Cormac McCarthy’s Blood Meridian is a crazy awesome western that you should all go out and read right now. It’s not a spaghetti western by any means – it’s one of the darkest, most brutal investigations of mankind’s capacity for cruelty I’ve ever come across. It opens with a third-person narrator describing the traumas of The Child, soon to become our protagonist, The Kid. I’m only capitalizing for clarity, because McCarthy does no such thing. By the time we enter the story proper, however, characters begin speaking, even the nameless Kid. The funny thing is, there aren’t any quotation marks to be found at all.
I don’t mean that McCarthy uses alternative punctuation, like <> or something – I mean nothing. None. Why would an author make this decision? It’s a good discussion to have to get into some of the book’s themes, so I’m going to have it. And before you get hung up on what McCarthy may have intended, refer again to John Green’s “How and Why We Read” on YouTube for a nice expansion of why that doesn’t really matter. (I’d link to it, but I’m lazily typing this on my phone in bed, so you’re just going to have to take five seconds and Google it.)
Quotation marks are separators. They put words into categories, either said or unsaid. By banishing them, McCarthy is in a way assigning equivalence to narration and dialogue. It gives the book a campfire feel, like one voice is telling the story and acting the parts. It blurs the lines between characters – a crowd of onlookers becomes a single character with a unified voice, while a set of main characters exchanging dialogue becomes a chaotic mass. You have two choices – try as hard as you can to figure out who is saying what, wrestling with language in a way you probably haven’t done before, or let the words wash over you as a whole, embracing the chaos.
Chaos is a fundamental theme of the story. People try to impose order, usually their own, on McCarthy’s West, or people choose to embrace the chaos and fighting, for fun or profit. People can either stand alone and make their own voice heard, or blend into a crowd or a gang and share responsibility for their words with the collective.
The lack of quotation marks also blurs the line between words and actions. The phrase “them’s fightin’ words” comes to mind. In this setting, fighting words almost invariably lead to a fight, and no lie is small enough to escape some definition of violence. Everything that is said becomes part of the landscape, another piece of the legend, inseparable from the people and plains and deserts and gunfire.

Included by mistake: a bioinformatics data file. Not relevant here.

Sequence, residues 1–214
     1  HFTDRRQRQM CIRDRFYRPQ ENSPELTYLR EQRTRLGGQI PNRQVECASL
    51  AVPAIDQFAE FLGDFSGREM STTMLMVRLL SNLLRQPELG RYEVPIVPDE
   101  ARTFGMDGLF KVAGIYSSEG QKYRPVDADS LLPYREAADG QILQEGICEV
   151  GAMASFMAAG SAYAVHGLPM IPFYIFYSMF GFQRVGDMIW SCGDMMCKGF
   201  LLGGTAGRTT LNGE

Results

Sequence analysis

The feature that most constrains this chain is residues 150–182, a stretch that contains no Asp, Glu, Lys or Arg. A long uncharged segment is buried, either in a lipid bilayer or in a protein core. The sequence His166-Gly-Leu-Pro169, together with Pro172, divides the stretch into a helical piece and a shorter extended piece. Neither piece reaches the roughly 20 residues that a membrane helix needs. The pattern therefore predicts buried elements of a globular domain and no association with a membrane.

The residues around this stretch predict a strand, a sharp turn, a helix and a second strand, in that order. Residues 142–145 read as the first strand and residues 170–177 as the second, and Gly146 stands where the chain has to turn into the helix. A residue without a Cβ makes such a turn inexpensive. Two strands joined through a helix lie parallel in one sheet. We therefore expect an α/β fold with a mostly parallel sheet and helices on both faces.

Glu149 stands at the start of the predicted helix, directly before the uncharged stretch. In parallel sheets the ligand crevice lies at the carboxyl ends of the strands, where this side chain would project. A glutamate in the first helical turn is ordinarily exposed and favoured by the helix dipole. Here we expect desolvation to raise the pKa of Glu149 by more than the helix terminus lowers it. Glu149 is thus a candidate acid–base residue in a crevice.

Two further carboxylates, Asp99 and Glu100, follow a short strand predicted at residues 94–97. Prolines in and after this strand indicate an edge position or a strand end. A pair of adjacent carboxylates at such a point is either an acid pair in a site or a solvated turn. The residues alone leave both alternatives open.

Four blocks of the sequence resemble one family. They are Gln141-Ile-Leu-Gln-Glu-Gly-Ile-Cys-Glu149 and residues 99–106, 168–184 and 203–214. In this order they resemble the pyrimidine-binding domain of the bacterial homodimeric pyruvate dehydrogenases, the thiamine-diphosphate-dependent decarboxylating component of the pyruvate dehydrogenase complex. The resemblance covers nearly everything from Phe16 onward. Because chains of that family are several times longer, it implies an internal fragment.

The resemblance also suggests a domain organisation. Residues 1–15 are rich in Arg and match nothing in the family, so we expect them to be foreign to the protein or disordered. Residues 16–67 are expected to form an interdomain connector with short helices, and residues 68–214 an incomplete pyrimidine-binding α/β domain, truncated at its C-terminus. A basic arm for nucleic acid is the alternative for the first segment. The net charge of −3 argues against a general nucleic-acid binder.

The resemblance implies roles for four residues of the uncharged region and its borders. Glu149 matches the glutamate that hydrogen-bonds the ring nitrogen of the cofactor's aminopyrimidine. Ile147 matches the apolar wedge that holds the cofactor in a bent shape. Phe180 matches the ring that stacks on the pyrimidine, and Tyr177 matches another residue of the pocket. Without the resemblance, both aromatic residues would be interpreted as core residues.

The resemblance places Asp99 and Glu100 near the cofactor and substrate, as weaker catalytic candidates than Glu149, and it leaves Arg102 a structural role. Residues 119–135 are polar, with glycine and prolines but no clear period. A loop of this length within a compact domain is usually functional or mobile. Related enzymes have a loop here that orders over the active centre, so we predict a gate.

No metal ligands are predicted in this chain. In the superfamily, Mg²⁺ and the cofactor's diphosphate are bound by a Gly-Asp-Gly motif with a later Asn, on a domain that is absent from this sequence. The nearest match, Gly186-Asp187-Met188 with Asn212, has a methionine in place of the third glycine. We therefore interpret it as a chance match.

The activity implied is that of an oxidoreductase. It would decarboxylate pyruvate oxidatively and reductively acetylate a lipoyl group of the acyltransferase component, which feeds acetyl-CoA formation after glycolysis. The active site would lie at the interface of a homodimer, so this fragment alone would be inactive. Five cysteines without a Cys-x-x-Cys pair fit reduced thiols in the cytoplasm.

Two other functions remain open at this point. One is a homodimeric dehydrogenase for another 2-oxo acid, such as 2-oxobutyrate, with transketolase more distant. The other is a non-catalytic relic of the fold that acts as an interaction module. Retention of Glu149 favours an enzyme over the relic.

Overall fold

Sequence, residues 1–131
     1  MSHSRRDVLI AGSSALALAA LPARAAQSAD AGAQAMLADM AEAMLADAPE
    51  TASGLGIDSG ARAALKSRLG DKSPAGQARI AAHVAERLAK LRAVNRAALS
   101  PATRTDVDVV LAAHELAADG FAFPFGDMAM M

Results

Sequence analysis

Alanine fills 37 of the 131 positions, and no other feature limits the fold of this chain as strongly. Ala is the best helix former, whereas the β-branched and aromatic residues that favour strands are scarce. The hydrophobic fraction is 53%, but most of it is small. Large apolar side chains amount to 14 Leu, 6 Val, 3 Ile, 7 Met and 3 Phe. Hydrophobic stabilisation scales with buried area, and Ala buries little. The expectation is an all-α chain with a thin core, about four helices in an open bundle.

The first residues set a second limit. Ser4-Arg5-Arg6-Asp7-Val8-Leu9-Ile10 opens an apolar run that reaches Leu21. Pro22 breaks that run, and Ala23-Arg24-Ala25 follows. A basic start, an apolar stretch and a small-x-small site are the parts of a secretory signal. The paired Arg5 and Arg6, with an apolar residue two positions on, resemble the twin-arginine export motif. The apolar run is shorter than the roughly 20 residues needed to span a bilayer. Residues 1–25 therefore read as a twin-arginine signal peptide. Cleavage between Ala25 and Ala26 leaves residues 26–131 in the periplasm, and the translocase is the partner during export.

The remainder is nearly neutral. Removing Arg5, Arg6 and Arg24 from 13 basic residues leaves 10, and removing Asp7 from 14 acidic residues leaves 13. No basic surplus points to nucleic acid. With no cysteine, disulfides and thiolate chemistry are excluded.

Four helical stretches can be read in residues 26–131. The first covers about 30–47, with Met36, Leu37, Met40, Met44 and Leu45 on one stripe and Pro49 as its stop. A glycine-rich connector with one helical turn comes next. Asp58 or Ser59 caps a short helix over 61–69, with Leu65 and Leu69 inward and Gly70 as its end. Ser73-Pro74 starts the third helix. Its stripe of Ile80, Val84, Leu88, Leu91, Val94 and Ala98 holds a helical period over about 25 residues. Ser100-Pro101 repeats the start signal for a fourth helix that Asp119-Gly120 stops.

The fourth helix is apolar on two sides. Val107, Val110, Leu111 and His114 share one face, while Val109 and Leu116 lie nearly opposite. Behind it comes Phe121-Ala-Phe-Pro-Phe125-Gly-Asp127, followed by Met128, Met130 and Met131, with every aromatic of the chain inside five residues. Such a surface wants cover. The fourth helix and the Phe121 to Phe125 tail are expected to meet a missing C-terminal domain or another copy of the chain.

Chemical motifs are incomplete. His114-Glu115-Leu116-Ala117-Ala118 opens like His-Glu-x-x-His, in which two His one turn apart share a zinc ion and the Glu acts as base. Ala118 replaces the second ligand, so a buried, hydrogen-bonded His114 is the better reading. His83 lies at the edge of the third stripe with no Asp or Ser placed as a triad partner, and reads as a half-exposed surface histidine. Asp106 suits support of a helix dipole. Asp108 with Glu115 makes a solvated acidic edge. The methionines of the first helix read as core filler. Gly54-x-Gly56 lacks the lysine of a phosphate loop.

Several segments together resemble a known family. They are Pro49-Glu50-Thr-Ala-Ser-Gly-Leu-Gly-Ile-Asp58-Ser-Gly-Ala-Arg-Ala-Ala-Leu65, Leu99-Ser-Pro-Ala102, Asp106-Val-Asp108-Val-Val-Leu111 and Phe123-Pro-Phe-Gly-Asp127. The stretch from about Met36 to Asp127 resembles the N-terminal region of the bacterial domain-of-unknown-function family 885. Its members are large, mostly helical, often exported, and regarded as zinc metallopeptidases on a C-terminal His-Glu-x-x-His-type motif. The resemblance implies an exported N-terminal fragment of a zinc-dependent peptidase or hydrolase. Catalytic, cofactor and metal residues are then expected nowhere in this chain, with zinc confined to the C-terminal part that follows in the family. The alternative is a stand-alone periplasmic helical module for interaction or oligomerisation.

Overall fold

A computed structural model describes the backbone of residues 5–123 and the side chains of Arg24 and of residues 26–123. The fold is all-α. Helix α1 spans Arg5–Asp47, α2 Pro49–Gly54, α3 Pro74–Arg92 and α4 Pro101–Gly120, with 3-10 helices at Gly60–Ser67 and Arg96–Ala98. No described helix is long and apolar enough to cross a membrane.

The equality of dialogue and narration also forces us to confront the privilege of dialogue. Sometimes, I’ve been known to skim narration to get to the talking. After all, what’s so important about what characters are actually doing in dialogue scenes? Perhaps they bob their heads, or purse their lips, or continue walking. It accents the dialogue, but only just. McCarthy forces us to see the relationships between speech, scene, and action. The lives of his characters cannot be separated from the harsh setting, nor their intentions from their actions. Nothing is a root cause or a direct effect – everything is interdependent and maybe it’s no one’s fault. Maybe The Kid, in his propensity for violence and distaste for talk, isn’t the main character at all. Maybe he’s just a mouthpiece for The Wild West. The ultimate setting of isolation and independence becomes a coherent whole. While individual actions may be arbitrary or disconnected, and the relationships between them not reciprocal or karmic, nothing is unexpected or out of place. It’s all just right. You know that this is the only way the story could go, because there aren’t really any pieces. There’s only The Whole West.